We wanted to make sure everything was going to work, so we put the top on the cart, without the doors. This was my second moment of doubt, because once it was up, it looked enormous. I mean, just really too big for the space. But I’ve had moments of worry with other projects, and I knew I should see it through and live with it before I made a final judgement. Oh – and you can also see that I decided to paint the interior beadboard green!

IMG_2443

The doors were next. I really didn’t want to do glass – I vaguely considered antiquing more mirror, to tie into the adjoining Butler’s Pantry, and I also considered fabric, but in the end I went with radiator grating. It definitely gives a vintage feel, and ties into the modern look of the stainless steel appliances.

20150517_170755

20150517_173217

There were grooves already in the back of the frames to take the steel in, except on one side. There, I just used picture frame glazing points to hold the screen in.

IMG_2391

One of my ideas all along with this project was to hang the hutch directly to the wall, allowing the cart to be moved in and out if needed to serve as a prep station, baking surface, or bar. Doug’s job was to hang this beast, and he did so with a french cleat.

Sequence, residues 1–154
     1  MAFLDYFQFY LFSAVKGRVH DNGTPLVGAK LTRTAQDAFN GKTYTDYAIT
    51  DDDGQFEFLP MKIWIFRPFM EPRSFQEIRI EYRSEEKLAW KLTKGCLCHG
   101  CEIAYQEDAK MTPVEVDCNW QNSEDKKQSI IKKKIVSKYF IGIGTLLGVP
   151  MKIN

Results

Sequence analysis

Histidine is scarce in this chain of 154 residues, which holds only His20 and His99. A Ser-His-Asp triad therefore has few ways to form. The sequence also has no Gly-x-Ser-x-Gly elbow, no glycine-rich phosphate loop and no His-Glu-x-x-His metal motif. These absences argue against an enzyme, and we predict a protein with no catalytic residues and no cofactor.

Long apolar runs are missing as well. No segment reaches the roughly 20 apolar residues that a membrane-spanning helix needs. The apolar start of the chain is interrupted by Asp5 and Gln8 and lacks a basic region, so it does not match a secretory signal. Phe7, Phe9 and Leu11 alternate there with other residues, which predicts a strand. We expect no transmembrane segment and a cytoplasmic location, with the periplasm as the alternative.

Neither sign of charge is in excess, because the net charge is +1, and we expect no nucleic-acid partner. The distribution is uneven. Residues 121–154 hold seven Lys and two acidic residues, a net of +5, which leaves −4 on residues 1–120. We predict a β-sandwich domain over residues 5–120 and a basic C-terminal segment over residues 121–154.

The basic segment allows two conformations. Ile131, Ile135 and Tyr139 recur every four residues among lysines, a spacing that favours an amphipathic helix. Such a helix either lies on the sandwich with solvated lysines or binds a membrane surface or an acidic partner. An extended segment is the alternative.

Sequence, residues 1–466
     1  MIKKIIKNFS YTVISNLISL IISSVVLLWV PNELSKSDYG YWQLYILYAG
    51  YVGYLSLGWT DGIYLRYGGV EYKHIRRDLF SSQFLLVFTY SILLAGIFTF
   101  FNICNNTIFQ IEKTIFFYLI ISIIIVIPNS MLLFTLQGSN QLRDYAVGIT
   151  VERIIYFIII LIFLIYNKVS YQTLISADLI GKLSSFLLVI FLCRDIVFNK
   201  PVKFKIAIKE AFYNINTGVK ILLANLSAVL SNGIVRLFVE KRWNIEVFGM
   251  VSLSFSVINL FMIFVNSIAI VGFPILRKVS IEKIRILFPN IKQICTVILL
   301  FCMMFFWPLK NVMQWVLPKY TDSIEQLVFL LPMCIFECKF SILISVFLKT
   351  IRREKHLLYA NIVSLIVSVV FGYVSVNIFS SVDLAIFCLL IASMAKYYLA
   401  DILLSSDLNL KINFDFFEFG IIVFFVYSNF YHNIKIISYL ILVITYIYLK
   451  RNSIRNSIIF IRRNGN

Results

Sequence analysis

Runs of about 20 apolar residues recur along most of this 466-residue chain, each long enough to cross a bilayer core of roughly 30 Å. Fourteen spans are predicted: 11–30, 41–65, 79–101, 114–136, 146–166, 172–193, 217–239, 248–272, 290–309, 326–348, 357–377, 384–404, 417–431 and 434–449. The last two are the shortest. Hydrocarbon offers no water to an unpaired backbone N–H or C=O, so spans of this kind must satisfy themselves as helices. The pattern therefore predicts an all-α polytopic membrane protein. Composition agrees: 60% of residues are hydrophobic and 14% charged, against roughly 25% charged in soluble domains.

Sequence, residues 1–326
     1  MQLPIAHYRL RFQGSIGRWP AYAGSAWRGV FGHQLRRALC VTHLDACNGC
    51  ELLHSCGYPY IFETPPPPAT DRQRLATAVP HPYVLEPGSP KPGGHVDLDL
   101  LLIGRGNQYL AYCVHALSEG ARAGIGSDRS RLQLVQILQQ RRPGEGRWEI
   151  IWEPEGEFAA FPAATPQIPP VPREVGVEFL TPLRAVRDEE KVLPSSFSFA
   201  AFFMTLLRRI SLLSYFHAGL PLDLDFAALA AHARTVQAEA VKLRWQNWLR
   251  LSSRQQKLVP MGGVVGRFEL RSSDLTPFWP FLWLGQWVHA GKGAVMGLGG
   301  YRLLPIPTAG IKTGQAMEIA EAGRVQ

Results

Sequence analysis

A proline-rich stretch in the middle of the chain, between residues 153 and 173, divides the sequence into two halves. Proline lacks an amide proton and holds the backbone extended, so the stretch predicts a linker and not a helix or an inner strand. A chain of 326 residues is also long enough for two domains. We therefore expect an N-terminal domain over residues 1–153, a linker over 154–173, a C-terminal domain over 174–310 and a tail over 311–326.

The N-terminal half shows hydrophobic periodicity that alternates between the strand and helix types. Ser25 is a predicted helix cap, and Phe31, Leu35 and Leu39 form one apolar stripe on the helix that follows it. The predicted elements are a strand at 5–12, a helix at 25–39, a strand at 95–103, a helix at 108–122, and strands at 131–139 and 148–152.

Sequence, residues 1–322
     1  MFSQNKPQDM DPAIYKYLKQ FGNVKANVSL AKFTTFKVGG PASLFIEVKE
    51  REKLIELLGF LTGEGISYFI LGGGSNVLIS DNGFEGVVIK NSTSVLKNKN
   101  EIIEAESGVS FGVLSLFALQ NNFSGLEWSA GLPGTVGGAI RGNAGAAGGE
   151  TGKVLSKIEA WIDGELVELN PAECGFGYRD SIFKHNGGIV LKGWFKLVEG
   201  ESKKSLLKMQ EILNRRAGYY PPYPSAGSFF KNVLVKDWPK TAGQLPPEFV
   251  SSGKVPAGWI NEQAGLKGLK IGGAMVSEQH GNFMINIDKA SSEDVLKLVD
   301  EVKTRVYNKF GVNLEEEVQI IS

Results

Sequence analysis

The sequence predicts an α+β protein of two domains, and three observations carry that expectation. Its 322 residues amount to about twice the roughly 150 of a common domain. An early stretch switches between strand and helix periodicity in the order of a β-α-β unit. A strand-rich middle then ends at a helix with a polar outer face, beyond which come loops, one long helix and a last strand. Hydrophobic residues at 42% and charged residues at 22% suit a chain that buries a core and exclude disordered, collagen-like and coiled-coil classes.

DSC_0528

We actually used quarters to space the hutch to give ourselves enough room to move the cart in and out, without a giant gap between the two. Here, Doug is using a flashlight to see if the hutch is touching the cart – which would be awful and would scratch the marble.

IMG_2453

In action! Also, notice the sleepy dog in the video, completely unfazed by the cart moving at her.

If you’re wondering about the title of these last two posts – it’s not just the marble making this cart heavy. Doug is an avid restorer and collector of cast iron (which is quite delicious for me!), but the cart is FILLED with cast iron pieces. It’s quite the workout.

When I was designing the elements of the kitchen two years ago, I bought this cast iron hook, because it’s amazing. However, when I ordered it, I didn’t pay enough attention to how it needed to be hung, and so putting it on a wall was out, and it’s been sitting in a drawer. This project was PERFECT to make this guy part of the hutch, to hold my aprons.

IMG_2470

I mean, just LOOK at that face! I am entertaining names for him, if you would like to suggest any.

IMG_2468

So quirky. I love it.

DSC_0574

I received another special detail just a few days before finishing this project. I have an incredible group of band seniors this year, and a few of their moms got together and got these beautiful salt and pepper shakers for me, as a thank you for teaching their kids for 7 years. The are perfect, and priceless, and loved.

IMG_2475

Okay, here is it! The final product! After a day or so of trepidation, I love it.

DSC_0552 DSC_0550 DSC_0547

Reese is non-plussed.

You can see the kitchen floor “rug” here, which was the reason my penny tile design featured a diamond – to pull that shape up from the floor onto another surface. I like little details like that.

DSC_0557